"Miss, why have I got to wear this P.E. kit!" The international edition.
We’ve all heard it, lessons come around and the girls don’t feel comfortable in their kit. Inevitably, leading to girls disengaging and the lesson taking a turn for the worst.
Feeling comfortable whilst taking part in physical activity is something fairly obvious to continued participation. As soon as clothing starts to create barriers, it’s a losing battle to try and re-engage girls. P.E kits could be too tight, too baggy, scratchy or unsupportive and most likely highlighting insecurities around body image.
Anyway, why am I making this point? Well, there are some incredible athletes making some very important points about what we compete in and ultimately is their argument much different to the girls not comfortable in their P.E kits?
Two international teams this year have made the headlines in a stand against the over-sexualisation of women in elite sport and in protest against sexist regulations.
The Norweigan Beach Handball Team opted for shorts over the regulatory mandated bikini bottoms at the European Beach Handball Championships and have received a £1,295 fine for wearing ‘improper uniform’. This move by the European Handball Federation has been widely criticised as sexist by some huge stars - no less than Pink and Billie Jean King, with Pink offering to pay the fine on the team’s behalf.
Before pulling the stunt, the Team actually petitioned the tournament organisers to wear shorts and were denied the opportunity. These women voiced their concerns over the uniform regulations, that they were uncomfortable in what they were being required to wear but were still cornered into obliging the outdated regulations. And according to other reports, petitions like these have been blocked since 2006!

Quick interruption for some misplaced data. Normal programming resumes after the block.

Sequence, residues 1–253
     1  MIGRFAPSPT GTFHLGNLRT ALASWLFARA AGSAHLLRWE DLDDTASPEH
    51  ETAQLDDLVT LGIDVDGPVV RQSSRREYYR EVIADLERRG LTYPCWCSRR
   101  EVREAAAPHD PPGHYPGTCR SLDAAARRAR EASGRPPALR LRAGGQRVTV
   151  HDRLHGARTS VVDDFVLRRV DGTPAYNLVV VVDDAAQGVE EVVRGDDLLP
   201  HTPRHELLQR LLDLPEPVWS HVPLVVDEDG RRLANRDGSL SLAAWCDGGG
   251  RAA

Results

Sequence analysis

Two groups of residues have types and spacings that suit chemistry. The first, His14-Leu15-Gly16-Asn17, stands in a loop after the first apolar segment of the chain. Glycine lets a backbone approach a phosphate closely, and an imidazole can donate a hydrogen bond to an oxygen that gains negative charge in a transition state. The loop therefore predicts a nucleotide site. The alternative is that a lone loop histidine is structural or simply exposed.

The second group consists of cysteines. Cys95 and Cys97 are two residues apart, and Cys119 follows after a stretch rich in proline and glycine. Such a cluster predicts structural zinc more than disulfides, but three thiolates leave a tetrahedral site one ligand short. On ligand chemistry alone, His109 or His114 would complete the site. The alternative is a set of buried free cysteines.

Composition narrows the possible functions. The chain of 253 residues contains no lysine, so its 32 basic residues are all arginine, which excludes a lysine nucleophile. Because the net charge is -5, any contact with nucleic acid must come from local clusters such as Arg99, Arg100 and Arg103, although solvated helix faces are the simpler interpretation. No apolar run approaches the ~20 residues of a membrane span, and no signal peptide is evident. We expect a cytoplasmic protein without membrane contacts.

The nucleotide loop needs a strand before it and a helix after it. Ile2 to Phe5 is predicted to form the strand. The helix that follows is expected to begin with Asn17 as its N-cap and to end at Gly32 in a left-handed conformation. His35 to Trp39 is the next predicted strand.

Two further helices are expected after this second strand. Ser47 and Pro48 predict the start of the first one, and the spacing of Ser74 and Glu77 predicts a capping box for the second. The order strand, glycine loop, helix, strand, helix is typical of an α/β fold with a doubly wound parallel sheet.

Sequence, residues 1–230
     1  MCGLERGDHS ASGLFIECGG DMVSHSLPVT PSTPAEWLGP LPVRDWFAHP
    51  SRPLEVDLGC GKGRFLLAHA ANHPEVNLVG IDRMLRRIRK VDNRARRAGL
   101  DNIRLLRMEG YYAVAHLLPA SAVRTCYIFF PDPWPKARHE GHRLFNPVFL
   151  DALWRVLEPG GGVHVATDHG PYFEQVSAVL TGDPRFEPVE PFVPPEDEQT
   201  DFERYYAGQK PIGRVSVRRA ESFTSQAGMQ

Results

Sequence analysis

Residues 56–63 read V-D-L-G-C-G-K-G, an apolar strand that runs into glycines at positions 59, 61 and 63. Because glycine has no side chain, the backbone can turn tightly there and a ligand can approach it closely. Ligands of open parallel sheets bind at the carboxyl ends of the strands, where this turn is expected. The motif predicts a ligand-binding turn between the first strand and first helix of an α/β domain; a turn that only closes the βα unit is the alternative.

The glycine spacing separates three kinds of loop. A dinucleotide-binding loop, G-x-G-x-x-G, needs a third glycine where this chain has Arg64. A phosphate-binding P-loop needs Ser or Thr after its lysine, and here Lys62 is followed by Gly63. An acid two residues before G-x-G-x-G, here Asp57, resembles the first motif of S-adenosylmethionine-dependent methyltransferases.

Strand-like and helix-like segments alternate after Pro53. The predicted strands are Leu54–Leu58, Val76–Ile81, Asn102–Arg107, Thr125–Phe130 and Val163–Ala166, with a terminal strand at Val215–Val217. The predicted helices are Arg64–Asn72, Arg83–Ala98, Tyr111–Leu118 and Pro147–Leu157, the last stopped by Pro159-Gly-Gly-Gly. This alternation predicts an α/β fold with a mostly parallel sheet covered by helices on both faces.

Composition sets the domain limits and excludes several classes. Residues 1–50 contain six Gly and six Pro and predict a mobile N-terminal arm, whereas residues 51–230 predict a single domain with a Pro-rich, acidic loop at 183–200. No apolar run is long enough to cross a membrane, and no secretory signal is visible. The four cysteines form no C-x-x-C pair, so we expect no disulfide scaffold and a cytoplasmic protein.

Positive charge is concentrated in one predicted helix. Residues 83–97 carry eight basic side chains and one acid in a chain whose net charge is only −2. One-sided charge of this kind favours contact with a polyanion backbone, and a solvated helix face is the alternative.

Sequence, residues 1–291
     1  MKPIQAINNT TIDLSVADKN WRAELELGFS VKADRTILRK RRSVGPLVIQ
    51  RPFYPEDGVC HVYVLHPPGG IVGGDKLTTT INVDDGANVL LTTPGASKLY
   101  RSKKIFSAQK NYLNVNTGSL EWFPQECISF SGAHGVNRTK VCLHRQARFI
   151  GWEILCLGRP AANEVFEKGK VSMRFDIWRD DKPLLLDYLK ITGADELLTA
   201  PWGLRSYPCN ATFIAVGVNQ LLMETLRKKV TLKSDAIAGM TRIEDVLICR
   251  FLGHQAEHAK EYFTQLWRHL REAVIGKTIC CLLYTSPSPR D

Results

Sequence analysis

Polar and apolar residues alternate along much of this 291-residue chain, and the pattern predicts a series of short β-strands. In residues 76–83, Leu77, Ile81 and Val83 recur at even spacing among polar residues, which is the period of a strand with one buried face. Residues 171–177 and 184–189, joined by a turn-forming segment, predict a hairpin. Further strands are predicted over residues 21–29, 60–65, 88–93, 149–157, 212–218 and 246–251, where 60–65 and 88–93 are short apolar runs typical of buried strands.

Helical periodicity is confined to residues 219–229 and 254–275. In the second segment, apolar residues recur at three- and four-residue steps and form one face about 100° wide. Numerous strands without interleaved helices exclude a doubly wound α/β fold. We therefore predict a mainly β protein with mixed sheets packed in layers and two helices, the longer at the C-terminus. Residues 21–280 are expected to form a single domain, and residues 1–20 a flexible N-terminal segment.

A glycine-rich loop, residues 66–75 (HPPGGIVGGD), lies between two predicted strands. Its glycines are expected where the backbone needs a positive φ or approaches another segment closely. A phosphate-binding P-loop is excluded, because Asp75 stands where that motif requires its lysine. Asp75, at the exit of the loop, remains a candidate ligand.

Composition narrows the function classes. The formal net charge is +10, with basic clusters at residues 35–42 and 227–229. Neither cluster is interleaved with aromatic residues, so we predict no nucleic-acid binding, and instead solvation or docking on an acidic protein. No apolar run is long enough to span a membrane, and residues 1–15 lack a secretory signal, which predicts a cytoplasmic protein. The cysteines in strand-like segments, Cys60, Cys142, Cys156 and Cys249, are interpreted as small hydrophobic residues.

In a similar fashion, the German Women’s Gymnastics Team opted for full length unitards as opposed to the bikini cut leotards traditionally worn by female gymnasts. Unitards offer an added level of security to women who could be performing moves leading to unwanted exposure of their bodies and is also more in line with the men’s uniforms. The team decided they would feel more comfortable in these outfits and received widespread support for their move.
So I’m not saying that P.E. kits are inherently sexist nor are they typically over-sexualised. However, these women have taken a stand to speak about how prescribed uniforms makes them feel uncomfortable when participating in sport and this is where it links back to my very first paragraph.
So if you are consistently hearing how much your girls hate their P.E. kits, then it’s about time we take a step back and start listening. As teachers, can we lobby the senior leadership team to review the uniform policy? Can we co-design new policies with students to embrace their views? Can we empower them to make the changes they need to be more active?
If we choose to offer flexibility on what girls wear in lessons, girls will feel more comfortable and we help girls to join lessons with the right mindset to take part.